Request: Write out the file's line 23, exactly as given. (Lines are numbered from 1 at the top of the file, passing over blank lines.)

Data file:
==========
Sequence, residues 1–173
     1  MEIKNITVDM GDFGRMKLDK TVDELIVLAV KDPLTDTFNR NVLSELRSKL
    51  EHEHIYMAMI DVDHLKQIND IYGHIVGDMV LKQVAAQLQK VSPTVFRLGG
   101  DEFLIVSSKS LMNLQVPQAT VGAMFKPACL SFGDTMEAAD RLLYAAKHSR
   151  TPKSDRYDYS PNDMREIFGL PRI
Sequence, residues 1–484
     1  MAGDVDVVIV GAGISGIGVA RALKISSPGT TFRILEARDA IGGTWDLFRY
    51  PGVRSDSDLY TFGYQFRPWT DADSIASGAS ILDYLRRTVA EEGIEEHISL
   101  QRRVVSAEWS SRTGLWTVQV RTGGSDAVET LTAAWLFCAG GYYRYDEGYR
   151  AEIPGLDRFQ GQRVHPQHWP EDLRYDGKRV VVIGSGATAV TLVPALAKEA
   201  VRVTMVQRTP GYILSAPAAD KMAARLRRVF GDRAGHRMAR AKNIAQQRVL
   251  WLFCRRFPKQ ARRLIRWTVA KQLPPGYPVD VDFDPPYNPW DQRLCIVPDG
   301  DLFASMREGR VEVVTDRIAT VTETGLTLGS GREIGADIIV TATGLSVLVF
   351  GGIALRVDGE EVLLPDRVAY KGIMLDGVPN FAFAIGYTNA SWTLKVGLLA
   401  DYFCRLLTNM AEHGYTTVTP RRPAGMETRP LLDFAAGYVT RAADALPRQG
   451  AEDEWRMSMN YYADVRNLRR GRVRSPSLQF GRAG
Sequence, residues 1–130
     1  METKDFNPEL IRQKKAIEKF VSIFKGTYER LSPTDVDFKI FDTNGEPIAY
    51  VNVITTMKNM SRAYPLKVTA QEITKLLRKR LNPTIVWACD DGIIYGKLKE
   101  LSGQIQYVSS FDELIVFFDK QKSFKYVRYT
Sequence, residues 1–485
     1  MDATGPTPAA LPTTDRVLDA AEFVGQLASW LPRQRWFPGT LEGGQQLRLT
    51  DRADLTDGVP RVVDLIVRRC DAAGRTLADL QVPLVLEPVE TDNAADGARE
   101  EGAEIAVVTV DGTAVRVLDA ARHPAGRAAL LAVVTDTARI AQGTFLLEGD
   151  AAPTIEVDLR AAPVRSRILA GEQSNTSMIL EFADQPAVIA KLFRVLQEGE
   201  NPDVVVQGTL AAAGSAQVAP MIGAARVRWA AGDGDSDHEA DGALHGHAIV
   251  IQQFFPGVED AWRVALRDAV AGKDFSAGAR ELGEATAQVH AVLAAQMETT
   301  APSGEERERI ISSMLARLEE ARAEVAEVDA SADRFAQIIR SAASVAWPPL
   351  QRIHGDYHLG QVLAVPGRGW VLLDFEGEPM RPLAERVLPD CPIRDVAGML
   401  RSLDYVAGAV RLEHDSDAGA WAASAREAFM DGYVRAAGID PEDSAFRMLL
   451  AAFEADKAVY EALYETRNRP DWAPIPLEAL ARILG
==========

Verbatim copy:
    51  DRADLTDGVP RVVDLIVRRC DAAGRTLADL QVPLVLEPVE TDNAADGARE